- Some 28% of women working for colleges believe they have been passed over for a promotion because of their gender, according to new survey data from Gallup.
- Hispanic and Asian women were more likely to say they missed an opportunity for career advancement due to gender than others, with 33% and 30% saying they thought they'd been passed over, respectively.
- A lower share of women also reported they were being paid fairly for their work than men. Only 35% of women agreed or strongly agreed they were paid fairly, versus 47% of men.
The new Gallup data comes at a time of high concern about whether higher ed treats women employees fairly and gives them adequate opportunities to advance in their careers.
Scholars have been debating evidence indicating the pandemic disproportionately hurt women researchers' publishing productivity — a key concern because of the academy's "publish or perish" culture. Concerns have also been raised since women are underrepresented in authority positions in the higher education sector.
Women make up 44% of tenure-track faculty but only 36% of full professors, according to the American Association of University Women. Only a third of college presidents are women, according to the College and University Professional Association for Human Resources, and just 22% of presidencies at the 130 universities with the highest research activity are women, the Women's Power Gap Initiative said. Slightly more than a third of college governing board members are women, the Association of Governing Boards of Universities and Colleges has found.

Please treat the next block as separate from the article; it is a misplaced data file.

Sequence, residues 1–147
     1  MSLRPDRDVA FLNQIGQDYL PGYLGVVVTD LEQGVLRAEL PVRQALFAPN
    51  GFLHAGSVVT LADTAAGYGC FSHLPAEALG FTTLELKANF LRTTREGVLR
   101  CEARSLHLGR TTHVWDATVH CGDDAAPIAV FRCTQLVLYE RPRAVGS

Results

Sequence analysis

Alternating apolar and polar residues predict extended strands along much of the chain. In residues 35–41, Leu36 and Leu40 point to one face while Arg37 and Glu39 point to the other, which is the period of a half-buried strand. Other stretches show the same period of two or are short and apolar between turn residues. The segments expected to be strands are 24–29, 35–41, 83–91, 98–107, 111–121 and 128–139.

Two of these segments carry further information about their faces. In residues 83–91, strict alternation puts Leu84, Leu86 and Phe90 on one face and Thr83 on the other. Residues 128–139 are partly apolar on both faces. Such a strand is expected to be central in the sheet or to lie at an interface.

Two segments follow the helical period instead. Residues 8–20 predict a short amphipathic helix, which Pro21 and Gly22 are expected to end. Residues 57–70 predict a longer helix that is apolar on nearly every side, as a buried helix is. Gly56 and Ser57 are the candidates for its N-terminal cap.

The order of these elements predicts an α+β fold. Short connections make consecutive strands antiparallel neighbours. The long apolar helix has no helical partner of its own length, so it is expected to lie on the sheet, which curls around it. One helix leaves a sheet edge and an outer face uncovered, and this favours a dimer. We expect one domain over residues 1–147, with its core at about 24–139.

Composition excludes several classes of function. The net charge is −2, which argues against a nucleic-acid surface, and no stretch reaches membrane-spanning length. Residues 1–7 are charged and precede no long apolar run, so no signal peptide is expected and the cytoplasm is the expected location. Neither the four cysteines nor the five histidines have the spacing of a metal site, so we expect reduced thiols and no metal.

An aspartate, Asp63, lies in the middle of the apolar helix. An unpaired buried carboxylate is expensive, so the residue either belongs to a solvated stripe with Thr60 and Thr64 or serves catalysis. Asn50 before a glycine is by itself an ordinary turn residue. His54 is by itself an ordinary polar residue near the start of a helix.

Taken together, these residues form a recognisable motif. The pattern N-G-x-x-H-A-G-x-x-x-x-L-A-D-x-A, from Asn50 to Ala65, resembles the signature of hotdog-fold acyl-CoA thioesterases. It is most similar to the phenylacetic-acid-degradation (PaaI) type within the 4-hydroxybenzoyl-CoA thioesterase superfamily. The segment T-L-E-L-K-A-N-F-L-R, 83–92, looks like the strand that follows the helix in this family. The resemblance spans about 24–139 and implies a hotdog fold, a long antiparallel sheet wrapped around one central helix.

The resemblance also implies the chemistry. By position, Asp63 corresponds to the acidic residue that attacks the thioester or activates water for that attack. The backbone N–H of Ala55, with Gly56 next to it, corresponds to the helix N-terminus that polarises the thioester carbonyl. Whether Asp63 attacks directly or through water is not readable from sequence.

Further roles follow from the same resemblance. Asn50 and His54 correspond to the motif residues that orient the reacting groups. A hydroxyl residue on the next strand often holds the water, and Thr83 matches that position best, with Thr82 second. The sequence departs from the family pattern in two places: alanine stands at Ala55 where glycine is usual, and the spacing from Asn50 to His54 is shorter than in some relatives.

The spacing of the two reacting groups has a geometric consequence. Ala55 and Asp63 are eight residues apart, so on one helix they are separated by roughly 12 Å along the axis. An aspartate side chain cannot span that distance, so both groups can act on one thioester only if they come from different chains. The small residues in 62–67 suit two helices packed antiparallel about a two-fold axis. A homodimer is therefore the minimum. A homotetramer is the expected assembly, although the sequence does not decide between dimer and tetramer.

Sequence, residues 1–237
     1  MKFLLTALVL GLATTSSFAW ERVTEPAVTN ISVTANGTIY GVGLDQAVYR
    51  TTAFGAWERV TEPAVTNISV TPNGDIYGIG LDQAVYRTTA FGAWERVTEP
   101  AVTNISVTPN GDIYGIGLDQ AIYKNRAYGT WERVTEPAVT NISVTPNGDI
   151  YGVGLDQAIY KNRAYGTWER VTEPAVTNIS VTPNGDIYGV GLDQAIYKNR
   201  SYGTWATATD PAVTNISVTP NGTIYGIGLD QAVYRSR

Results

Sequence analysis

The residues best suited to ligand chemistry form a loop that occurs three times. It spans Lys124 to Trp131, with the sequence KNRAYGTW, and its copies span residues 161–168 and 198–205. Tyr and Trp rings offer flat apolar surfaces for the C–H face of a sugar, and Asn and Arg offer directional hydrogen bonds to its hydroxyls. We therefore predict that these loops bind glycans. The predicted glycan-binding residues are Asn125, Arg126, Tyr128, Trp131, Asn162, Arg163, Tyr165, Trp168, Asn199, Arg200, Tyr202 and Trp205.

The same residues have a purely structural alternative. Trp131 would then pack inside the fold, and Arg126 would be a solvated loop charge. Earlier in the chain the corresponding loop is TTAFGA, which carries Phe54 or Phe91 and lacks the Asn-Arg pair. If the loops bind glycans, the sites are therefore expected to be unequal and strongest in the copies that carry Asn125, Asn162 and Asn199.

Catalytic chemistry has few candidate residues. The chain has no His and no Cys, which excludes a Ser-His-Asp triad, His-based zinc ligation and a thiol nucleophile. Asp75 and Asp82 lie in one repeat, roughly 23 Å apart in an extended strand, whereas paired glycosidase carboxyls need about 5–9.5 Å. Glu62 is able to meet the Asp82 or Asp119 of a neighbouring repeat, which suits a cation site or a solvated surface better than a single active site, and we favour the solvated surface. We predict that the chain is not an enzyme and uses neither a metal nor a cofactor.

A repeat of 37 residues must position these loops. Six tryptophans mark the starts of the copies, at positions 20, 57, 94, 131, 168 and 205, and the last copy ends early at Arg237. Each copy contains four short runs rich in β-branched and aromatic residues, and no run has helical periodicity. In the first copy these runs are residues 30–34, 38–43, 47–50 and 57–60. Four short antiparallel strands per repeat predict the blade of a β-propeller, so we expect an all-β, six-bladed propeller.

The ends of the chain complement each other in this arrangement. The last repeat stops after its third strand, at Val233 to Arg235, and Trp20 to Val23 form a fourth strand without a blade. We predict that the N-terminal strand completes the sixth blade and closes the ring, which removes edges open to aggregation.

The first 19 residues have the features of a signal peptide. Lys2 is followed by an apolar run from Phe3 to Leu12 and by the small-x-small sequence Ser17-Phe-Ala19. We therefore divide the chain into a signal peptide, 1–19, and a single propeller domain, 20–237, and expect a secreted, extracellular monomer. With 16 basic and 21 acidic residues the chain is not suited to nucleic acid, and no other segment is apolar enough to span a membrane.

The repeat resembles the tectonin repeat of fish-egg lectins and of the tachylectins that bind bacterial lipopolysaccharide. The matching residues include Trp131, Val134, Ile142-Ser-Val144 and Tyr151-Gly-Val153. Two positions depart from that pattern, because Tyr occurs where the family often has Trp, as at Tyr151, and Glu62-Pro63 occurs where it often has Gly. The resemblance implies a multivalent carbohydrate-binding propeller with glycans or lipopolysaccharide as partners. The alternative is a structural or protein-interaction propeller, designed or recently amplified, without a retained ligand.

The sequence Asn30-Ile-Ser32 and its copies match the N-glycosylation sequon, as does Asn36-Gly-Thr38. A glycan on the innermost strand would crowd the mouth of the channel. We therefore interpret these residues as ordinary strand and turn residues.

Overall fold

Some women are attributing lack of promotions to their gender, according to Gallup's new survey, which covers higher ed staff as well as faculty. Often, it's because they are becoming more aware of the issue, according to Stephanie Marken, executive director of education research at Gallup and the researcher behind the new survey.
"Women are looking for signals that they are working in an equitable workplace in a way that they never had before," she said. "Higher education is still a highly toxic workplace for a lot of women throughout the country. If you feel like you're being passed over for your gender, you don't feel respected every day when you walk into work."
A gap in opportunities exists beyond promotion, according to the Gallup survey, which includes responses from 10,594 faculty and staff members.
Only 23% of female respondents strongly agreed they have the same opportunities for advancement as coworkers with similar experience and past performance. Roughly one in three men strongly agreed with the same statement.
"It's not always a new job or a new promotion that academics are interested in," Marken said. "Sometimes it's things like serving on a board or providing leadership on a committee or in an organization within the institution."
She said opportunities for professional and personal development are highly valued in the education sector, and workers will take positions based on those benefits.
The perceived gender disparities can often be due to a lack of communication on institutions' part, according to Marken.
"Some of those institutions have done good work internally to study pay equity. But they haven't necessarily communicated it publicly," she said. "Leaders are not always articulating their value proposition as an organization for which people could choose to work."